- Geographic information systems
- Computer science
- Environmental science
It is not mandatory to be certified in order to work as a GIS analyst.
If you are a high school student considering a career as a geomatics technician, you should have strong marks or an interest in:
- Computer science
Geomatics technicians make between $43,300 and $54,300 per year in Canada, depending on years of experience and education.
When I was in high school I wanted to create something new and decided my career would be in the development of computer software. I joined the military and earned my degree in computer science at the Military Engineering Academy of Mozhaisky in Leningrad, USSR. My first job after military service was with a company that develops geographical information systems (G.I.S.) software. Once I saw the potential for this type of programming I knew that this was the area where I wanted to work.
It was fortunate that I chose to work with the software developer that ended up being a world leader in G.I.S. software. The software is very flexible for developers and allowed me to adapt it for use in various projects. I gained experience by completing projects in the Ukraine and, through the Internet, in the United States, Canada and Great Britain. I recognized the opportunities that exist in Canada for G.I.S. developers due the vast size of the country and the rich resource base. Before I got to Canada I had located a job through the Internet and started work the day after arriving. Since that day I have worked at different positions in software development and currently act as a G.I.S. software development consultant. If you are interested in Canadian employment opportunities in this area check with government organizations, oil and gas companies and environmental consulting firms.
I devote the first hour of every day to learning what is new. I read the messages in the user conferences on the Internet, check web sites that publish G.I.S. news, review the G.I.S. software developers web site and read journals and magazines. There is also an annual G.I.S. user conference that I attend as well as various seminars throughout the year. It is important to keep learning so you can do more complicated projects in the future.
As development continues, G.I.S. software becomes easier to operate for the end user while the complexity within the program increases. This is the job of the programmer, to develop powerful software that is easy to use. Applications for G.I.S. are now being found in areas like the public health sector where diseases are being mapped and facilities planned. The future uses for this software will be limited only by the imaginations of the software developers.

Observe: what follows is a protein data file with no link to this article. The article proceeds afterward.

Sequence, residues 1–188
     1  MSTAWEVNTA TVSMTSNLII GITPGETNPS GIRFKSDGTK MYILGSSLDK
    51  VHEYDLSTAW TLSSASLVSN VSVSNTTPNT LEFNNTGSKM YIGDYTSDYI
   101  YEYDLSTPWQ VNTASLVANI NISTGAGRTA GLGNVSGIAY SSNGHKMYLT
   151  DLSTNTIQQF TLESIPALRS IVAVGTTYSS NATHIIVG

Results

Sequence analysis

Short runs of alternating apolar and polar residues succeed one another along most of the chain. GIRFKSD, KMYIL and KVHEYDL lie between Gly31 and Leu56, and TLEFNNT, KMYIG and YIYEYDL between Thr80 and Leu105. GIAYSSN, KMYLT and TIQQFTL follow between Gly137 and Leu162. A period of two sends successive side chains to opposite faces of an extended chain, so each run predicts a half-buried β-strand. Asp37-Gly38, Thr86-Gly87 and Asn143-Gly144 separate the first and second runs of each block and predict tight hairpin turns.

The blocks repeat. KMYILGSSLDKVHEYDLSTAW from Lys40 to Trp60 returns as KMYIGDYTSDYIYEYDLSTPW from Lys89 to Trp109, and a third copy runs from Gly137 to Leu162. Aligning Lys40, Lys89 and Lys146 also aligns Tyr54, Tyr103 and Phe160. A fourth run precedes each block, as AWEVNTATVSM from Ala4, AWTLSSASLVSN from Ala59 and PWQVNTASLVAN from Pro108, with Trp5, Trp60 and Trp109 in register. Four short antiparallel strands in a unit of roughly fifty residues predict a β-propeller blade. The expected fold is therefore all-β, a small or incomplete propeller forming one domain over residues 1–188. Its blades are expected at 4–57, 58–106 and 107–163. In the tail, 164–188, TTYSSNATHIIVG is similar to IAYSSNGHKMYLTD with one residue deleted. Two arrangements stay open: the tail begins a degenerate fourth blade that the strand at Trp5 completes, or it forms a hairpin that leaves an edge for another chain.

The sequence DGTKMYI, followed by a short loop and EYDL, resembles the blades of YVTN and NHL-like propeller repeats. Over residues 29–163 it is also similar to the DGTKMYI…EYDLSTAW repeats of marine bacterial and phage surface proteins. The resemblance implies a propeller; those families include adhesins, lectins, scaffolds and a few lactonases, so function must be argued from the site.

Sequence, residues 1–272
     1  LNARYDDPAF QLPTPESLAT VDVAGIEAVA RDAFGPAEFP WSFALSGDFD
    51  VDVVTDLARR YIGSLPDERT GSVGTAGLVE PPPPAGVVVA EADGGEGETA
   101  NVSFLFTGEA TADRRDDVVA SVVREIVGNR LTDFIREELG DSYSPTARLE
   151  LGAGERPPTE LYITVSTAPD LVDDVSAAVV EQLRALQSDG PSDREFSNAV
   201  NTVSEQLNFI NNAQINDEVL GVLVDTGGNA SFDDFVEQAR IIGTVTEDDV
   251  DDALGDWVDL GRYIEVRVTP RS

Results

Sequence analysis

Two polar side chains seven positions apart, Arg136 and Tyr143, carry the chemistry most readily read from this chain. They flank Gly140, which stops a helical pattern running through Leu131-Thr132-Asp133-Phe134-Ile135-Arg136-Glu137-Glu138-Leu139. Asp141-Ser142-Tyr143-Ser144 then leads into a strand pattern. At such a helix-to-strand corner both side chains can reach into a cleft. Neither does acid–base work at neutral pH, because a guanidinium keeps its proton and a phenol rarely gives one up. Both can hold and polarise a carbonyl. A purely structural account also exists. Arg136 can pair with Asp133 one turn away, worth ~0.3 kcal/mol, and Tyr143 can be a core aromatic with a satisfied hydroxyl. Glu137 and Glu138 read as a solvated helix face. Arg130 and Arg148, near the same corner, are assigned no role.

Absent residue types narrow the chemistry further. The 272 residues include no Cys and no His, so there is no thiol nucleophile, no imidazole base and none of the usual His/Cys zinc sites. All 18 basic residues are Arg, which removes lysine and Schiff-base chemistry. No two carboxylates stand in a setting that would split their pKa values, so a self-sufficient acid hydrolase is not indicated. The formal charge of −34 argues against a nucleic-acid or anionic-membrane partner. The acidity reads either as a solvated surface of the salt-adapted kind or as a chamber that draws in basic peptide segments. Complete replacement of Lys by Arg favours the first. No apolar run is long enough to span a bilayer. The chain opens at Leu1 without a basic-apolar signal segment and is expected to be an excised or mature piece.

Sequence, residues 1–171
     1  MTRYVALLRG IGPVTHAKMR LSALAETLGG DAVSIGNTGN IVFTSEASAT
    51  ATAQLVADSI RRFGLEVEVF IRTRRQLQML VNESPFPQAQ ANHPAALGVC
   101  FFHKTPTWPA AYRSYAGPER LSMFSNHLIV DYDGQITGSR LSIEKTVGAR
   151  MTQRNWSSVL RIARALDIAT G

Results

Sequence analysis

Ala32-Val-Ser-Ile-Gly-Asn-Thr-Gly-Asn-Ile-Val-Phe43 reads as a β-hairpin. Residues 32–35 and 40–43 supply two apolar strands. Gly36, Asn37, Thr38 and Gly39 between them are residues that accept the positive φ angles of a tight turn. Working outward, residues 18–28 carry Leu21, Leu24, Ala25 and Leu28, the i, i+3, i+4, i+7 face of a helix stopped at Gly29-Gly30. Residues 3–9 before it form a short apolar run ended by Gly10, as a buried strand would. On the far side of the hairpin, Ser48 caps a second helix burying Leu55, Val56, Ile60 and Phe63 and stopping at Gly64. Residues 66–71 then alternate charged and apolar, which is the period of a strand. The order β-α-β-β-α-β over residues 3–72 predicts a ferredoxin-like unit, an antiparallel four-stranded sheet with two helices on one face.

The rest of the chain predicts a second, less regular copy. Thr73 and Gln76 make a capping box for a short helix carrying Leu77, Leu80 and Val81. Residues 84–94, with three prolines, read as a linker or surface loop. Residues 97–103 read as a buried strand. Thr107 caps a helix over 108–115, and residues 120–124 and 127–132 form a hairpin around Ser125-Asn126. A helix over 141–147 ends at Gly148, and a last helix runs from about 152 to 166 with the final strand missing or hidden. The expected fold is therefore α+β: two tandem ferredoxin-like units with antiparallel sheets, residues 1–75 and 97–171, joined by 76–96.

If you are coming to Canada from another country try to find volunteer opportunities through the Internet before immigrating. This will help you learn what Canadian companies need from G.I.S. developers. It will also give you good experience in communicating with the people who work in the field of G.I.S. software development. I have found that the most challenging part of my work is understanding what my customer really wants. Because I often approach a problem from a different way than my customer would, it is important to communicate so that both sides can learn and understand each other.
Most of my work is done on the computer during normal office hours. This can change if a project has a demanding schedule that requires longer hours. I use my skills with programming languages and data structures to solve problems and develop applications for my customers. I am proud of developing an application that geophysicists use with topographical data. This software allows the user to produce a map for anywhere in Alberta by entering the township name. The program brings data related to that township into the map and creates a legend so the user can interpret the symbols. The best rewards of my work come when I can do something that nobody else has done before.
The southeastern part of the Ukraine is an older industrial area with a lot of mines, steel factories and manufacturing facilities. The waste from these activities has polluted the area near my hometown. My knowledge of G.I.S. was put to good use when I helped the faculty of the local university learn geographical information systems software. The faculty then taught the students how to map the pollution. I am glad that I could contribute to this important clean up project.